The Power of God’s Country

God’s Country: “A place conceived of as especially favored by God; a place away from a city.” Merriam-Webster

Last weekend, my husband and I flew to Virginia to see our youngest at school. She was thrilled to have us there and kept us really busy with her friends and touring around the university. It was all precious, precious time together, but there was something extra special about driving (and stopping) along the Blueridge Parkway.

We have traveled through Virginia for years, heading south every spring break with the kids. Back then, we drove which was exhausting, but we saw some beautiful scenery along the way. I fell in love with Virginia. I can appreciate northern Virginia for its proximity to D.C. and many historical sites. We have visited people and toured Leesburg, Arlington, etc., and enjoyed the shopping and eating. All of my travels there offered wonderful sights, but mid to lower Virginia is just stunningly beautiful.

Maybe it’s because I live in a part of NYS where we don’t have mountains so I’m always captivated by them on vacation. Maybe it’s because I live on five acres with a long driveway and I am a girl who likes open space.

I work in the city and take a deep breath when I hit that part of the thruway that finally parts wide. My town is lovely yet there was something much grander, peaceful and right about standing at the center of miles of valleys and mountains.

My job is stressful. I received a promotion a few months ago which was awesome but my hours went up, along with my stress. I do yoga and try my best to compartmentalize work from home but it’s challenging. Above and beyond is usually a way of life. Sustaining that level of giving and producing at work and then home is depleting. An hour of exercise a couple times a week does not restore me as it may have back in my 20’s.

The breathtaking mountainside along the Blueridge Parkway brought my shoulders back down where they belong. I walked in sneakers instead of heels. I breathed deeper than I do on a yoga mat. My eyes were off data and employee issues, soaking in what I name God’s Country.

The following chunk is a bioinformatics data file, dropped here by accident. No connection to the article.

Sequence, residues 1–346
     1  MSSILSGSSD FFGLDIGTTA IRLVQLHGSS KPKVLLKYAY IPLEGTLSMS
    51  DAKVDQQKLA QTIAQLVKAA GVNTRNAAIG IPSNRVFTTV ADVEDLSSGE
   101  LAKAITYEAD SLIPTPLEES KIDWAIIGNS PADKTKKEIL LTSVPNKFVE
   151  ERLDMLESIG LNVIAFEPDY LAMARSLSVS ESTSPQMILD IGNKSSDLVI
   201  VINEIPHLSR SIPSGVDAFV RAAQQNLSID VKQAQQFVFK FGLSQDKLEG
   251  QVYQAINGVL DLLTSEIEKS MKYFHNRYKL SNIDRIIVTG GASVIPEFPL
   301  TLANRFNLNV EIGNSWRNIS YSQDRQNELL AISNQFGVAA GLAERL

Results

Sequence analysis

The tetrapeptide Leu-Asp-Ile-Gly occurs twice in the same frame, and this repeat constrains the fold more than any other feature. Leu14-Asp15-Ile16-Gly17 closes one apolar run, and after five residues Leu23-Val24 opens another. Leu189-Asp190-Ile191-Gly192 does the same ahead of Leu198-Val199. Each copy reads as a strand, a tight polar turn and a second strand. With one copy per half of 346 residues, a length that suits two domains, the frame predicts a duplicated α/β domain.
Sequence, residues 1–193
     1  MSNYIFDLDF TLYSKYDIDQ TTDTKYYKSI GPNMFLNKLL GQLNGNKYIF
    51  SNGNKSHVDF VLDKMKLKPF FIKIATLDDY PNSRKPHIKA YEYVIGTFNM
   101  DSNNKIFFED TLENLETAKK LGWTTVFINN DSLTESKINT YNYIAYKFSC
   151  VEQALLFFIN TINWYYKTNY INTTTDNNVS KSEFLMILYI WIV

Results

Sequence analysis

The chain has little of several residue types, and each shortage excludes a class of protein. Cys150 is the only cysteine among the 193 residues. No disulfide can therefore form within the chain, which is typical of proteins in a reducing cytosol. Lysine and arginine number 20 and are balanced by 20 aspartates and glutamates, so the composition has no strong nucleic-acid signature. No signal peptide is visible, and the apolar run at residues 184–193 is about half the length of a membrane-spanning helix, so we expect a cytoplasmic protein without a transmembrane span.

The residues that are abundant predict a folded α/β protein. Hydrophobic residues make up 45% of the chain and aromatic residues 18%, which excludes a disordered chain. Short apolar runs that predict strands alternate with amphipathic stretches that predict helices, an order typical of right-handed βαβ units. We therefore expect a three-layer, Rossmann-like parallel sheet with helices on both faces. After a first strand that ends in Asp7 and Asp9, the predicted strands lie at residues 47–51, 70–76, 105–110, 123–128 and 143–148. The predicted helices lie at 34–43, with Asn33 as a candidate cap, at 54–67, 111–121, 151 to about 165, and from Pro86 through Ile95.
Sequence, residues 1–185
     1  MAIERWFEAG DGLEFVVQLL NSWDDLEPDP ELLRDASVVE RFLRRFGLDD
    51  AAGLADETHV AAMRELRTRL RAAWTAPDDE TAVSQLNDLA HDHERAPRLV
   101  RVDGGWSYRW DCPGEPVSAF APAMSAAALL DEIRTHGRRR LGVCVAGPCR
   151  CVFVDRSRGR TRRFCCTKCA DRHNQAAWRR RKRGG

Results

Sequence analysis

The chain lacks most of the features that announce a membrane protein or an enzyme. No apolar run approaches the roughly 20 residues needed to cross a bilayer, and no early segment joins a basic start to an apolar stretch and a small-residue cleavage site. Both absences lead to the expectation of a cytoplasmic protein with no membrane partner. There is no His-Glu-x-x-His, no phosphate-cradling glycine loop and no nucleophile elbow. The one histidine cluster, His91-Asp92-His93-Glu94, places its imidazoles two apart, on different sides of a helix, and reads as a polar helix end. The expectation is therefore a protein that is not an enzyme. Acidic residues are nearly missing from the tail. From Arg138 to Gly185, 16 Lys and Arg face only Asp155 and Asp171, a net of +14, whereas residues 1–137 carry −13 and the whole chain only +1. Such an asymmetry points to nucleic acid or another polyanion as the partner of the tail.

“What are men to rocks and mountains?” Jane Austen

Those mountains reminded me that I’m missing time with God. We talk every day but my world shifted when I took on another job. I don’t spend enough time in the wide-open space of His Word. Peace like I experienced at the mountainside is elusive during many work days.

Make no mistake that He speaks in offices, at the watercooler, and has made His presence known during colleague conversations. But I thirst for more. I count this as a good thing. I never want to be comfortable too far away from Him, living lukewarm.

Late Sunday I had to come down from the Virginia mountains, just like Moses when he descended from Mt. Sinai. I reentered work on Monday, having to immediately address poor management behavior, just as Moses was confronted with poor behavior by the Israelites. The corporate culture at my company is unlike anything anyone has ever experienced, leading to high turnover. But God uses me for good in my particular role. I believe that He put me where I am to be a light in a crazy place as well as teach me a few lessons of my own.

He is at work and accomplishes His purposes even when we’re not in bible study. He is always with us but there is something powerful about standing in the literal “mist” and “midst” of His spectacular creation. Being engulfed in endless autumn color, feeling cool wind against my face that also refreshed my mind – and the complete silence in nature – equaled renewal.

There is a reason for all seasons in nature and in our lives. This specific season in my work life is challenging, but the chaos likely helps me appreciate God’s Country profoundly more.

Reminiscing During a Walk at the Park